As I’ve written in this space on a number of occasions, baseball’s response to the PED epidemic was similar. Rather than examine the problem, seek out its root causes — including how clubs encouraged and accepted it — and try to figure out the most effective way to stop it, they simply named a couple hundred names, let the players wear the shame, and declared victory. Bud Selig was not as foolish about declaring victory over PED use the way Peter Ueberroth did with coke, but everything he’s said and done on the matter since the day after the Mitchell Report came out has been accompanied by an implicit claim that he solved the PED scourge by punishing those evil players.

Which brings us back the Angels and opioids.

If what I suspect to be true is, in fact, true, Major League Baseball has an extraordinarily difficult problem on its hands. I have no idea how one goes about solving  that problem, but I do know that if the league’s stab at it involves making a point to name those other five Angels players Kay mentioned to the DEA or if it involves casting them or other addicted players around the league as villains or poster children, it’ll be the wrong move. Wrong in an absolute sense in that it would work to blame addicts in ways that, I would hope, we’re all smarter about now than the way we used to be. But it would also be wrong because, in the end, it will do nothing to combat a problem that is not only serious, but deadly.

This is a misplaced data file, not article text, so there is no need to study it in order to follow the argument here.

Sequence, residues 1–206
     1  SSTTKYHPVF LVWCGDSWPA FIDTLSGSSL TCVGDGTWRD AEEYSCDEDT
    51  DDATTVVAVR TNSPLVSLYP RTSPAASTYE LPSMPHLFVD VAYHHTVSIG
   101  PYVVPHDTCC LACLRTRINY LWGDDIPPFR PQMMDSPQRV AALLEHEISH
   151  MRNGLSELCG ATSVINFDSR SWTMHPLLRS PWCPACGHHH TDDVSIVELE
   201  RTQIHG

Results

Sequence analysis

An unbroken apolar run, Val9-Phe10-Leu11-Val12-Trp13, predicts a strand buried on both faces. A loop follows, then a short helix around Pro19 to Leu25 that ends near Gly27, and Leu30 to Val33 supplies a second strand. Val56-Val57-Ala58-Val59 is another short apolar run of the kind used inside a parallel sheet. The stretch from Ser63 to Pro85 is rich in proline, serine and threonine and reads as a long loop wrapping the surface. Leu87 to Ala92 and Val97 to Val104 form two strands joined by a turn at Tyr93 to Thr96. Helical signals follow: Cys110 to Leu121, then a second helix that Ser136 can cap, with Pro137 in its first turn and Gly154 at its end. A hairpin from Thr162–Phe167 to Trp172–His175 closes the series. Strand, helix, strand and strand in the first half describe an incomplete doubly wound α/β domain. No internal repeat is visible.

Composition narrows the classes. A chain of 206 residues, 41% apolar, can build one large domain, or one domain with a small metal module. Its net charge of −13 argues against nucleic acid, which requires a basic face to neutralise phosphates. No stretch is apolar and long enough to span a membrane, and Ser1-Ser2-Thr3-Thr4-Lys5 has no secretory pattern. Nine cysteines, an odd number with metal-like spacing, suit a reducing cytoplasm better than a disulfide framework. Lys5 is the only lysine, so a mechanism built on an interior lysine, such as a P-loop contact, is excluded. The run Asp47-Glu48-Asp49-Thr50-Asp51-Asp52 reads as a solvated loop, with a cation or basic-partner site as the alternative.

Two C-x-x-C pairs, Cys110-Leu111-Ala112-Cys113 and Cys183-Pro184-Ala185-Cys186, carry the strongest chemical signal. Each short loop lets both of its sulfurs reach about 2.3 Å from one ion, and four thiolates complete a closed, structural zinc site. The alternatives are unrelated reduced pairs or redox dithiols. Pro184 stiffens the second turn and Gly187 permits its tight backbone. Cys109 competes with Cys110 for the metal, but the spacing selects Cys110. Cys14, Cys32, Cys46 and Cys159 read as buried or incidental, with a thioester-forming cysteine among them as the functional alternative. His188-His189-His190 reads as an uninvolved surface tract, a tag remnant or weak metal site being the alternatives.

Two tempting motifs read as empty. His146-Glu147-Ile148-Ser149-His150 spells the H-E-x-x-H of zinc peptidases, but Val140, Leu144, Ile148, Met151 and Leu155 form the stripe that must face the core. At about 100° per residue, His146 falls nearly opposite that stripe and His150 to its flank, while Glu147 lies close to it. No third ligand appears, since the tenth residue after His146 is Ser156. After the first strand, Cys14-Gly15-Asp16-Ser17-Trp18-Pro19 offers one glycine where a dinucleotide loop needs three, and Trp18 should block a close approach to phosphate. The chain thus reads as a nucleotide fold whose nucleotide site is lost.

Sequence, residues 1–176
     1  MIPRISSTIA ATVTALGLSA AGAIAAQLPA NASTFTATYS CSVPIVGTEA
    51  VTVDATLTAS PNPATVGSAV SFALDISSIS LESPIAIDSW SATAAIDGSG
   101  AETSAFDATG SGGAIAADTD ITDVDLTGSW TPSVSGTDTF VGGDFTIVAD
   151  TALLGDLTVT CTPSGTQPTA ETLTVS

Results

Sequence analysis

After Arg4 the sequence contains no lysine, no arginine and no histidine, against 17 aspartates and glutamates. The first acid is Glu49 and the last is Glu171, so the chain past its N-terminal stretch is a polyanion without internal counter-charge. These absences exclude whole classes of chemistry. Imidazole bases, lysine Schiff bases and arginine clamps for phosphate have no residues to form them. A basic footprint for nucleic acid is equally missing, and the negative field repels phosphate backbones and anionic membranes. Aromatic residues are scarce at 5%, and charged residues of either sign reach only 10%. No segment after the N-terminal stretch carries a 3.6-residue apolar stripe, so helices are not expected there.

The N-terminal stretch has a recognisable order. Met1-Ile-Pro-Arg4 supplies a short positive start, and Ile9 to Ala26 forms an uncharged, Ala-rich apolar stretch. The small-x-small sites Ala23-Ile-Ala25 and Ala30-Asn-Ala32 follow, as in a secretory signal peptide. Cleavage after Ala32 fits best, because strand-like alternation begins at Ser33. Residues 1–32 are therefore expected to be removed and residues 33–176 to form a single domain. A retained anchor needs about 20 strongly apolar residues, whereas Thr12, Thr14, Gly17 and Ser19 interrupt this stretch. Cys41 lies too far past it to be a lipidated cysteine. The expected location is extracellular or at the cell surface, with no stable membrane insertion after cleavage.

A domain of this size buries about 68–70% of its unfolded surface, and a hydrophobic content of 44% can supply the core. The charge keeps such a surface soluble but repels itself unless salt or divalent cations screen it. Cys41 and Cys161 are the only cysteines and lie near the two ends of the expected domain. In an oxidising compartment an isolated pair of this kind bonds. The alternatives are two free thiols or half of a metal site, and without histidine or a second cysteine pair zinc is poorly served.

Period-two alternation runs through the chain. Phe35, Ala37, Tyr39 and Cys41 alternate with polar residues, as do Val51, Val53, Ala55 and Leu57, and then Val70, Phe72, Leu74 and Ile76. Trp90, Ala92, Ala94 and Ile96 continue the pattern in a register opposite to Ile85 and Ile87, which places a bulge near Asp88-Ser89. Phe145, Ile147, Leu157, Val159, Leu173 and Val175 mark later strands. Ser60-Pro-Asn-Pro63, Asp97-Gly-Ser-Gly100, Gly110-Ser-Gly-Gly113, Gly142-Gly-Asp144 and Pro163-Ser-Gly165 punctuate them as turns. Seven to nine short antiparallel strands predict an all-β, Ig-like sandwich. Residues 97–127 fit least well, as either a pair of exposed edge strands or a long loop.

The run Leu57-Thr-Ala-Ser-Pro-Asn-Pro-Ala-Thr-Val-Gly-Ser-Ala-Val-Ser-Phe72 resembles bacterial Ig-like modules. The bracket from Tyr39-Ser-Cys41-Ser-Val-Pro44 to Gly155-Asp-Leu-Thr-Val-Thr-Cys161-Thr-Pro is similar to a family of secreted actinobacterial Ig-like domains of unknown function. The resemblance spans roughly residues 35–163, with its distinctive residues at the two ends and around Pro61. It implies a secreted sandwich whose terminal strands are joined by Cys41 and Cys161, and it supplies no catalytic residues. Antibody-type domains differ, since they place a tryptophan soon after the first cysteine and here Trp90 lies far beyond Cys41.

It’s your move, Major League Baseball. Think carefully before you make it.

Rob Manfred explains reasoning behind proposal to cut 42 minor league teams

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As we learned earlier this week, Major League Baseball wants to contract 42 minor league teams, mostly in short-season and rookie ball. The proposal earned a lot of backlash, including from some of the teams on the chopping block and from Congress. MLB responded with its own letter to Congress, written by deputy commissioner Dan Halem, explaining the league’s reasoning.

In the letter, Halem complains about the lack of competition between minor league teams and independent teams. Halem wrote, “The lack of competition among operators of teams for an affiliation with a Major League Club has reduced the incentive for some affiliated Minor League teams to improve their facilities and player amenities.” It is an interesting thing to write as someone representing a $10 billion business that has benefited for a century from an antitrust exemption.